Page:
The forest animals on Roundtop Mountain were busier this weekend than I’ve noticed in a while. The pine siskins that arrived late to my feeders have made up for that by hanging around all winter and visiting every day. The Carolina wren—I never see two at the same time, though certainly more than one is around—has also been a more regular visitor than it was earlier in the winter.
Yesterday, I saw a small, fuzzy deer peeking at me from around the edge of a thicket. Judging by its small size, it was one of last year’s fawns. I’ve heard what I’m pretty sure is this same deer several times. When I walk Dog and Baby Dog late in the evening, I’ve heard it near the cabin stamping or trotting away deeper into the woods through the dry leaves. Every now and again Baby Dog will let out a bark while staring into the woods. I suspect she has scented it and is announcing that she has done so.
I typically don’t see this fuzzy little deer with other deer, which is unusual. It should still be with mom or sibling or aunt. It looks healthy enough, not to mention cute as all get out in its winter coat. It is quite curious and when I’m out without the dogs, I occasionally see it. It never acts too wary and if anything, it looks as though it wants to play.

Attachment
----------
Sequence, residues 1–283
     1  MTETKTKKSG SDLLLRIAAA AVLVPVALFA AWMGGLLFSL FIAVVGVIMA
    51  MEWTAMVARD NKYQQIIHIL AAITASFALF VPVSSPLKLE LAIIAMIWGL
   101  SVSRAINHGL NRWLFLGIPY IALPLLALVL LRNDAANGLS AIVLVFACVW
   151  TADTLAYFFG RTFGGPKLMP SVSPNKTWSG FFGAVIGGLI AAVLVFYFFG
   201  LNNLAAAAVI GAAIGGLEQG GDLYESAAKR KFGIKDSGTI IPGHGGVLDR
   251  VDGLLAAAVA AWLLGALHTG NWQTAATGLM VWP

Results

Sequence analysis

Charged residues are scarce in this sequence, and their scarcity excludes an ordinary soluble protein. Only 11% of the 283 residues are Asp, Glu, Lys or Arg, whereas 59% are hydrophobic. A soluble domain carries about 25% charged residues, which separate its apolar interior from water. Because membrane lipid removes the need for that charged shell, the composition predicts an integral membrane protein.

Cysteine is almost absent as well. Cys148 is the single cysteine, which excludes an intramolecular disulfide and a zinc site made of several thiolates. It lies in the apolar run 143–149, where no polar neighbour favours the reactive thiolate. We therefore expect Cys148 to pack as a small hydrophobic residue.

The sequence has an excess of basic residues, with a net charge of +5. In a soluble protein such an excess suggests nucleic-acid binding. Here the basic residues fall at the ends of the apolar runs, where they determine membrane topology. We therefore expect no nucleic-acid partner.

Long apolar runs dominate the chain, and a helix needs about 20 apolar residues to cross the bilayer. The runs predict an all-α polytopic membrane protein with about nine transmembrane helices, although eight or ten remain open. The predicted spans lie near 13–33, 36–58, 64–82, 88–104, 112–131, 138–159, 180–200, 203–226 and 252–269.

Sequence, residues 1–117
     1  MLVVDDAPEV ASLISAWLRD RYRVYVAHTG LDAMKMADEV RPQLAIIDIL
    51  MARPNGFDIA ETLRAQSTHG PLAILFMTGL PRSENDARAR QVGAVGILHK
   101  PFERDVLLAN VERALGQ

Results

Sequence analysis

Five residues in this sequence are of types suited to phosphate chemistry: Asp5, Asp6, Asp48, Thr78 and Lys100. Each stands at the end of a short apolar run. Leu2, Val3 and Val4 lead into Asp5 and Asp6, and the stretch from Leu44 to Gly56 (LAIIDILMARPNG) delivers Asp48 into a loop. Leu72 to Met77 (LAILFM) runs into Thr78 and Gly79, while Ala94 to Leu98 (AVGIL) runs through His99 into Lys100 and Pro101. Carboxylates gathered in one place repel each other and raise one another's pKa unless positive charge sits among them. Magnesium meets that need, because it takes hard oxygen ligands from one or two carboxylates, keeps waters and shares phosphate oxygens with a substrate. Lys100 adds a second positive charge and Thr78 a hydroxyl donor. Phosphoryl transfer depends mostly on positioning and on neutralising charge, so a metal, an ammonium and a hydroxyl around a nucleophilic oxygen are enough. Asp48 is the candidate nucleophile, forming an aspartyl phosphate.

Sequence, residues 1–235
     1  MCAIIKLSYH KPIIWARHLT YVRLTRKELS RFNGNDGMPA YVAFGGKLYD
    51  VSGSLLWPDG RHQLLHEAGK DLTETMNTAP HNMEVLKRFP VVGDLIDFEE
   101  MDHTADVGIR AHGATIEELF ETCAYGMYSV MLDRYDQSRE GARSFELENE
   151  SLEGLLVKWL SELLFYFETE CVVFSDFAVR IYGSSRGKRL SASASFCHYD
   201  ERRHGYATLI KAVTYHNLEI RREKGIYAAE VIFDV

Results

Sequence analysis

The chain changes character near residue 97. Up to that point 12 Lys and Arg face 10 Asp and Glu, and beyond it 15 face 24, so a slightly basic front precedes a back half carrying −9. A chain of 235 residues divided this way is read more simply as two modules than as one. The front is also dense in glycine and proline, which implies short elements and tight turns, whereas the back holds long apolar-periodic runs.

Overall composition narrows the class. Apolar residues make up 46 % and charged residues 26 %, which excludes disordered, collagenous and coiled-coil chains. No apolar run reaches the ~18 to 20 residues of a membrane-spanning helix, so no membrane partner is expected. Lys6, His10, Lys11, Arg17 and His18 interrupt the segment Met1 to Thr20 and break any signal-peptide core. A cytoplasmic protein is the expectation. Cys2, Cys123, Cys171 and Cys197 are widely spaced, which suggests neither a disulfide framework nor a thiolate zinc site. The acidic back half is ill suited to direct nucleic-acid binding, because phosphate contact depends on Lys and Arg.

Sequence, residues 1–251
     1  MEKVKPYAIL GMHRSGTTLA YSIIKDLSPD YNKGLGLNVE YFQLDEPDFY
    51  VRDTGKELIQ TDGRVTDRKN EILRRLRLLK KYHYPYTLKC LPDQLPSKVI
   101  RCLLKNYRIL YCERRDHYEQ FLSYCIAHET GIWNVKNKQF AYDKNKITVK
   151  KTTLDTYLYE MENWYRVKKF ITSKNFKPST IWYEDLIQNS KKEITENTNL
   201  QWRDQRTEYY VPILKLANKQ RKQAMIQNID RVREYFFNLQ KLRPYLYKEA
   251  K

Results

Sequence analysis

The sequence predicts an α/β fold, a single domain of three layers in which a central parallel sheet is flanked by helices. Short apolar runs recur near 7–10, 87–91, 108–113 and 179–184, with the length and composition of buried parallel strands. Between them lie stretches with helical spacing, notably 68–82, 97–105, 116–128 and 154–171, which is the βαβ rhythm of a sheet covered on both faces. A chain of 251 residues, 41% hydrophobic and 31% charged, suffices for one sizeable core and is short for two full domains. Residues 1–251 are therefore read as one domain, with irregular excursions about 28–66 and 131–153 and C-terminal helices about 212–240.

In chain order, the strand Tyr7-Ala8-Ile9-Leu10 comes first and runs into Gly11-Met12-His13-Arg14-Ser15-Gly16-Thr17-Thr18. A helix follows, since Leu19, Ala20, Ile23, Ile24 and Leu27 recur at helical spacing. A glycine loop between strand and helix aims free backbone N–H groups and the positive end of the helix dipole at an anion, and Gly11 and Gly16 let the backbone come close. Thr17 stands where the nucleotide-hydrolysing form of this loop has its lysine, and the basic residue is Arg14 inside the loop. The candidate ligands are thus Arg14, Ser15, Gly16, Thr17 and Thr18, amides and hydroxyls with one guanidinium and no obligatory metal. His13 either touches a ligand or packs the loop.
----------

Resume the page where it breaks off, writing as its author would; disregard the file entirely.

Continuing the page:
Black vultures, the more southerly cousins of the more ubiquitous Turkey vulture, are now gliding overhead again on sunny days.
The animals take advantage of every warm and sunny day to get out and about. No longer do weeks pass with them and me holed up in a warm spot. Winter isn’t over, but the sun is now stronger and warmer than it was just a week or so. There’s a sense that the days of unending cold with no immediate hope of a warm-up are passing. Oh, it will be cold again before spring, but even on cold days the sun feels warm. For today, that’s enough.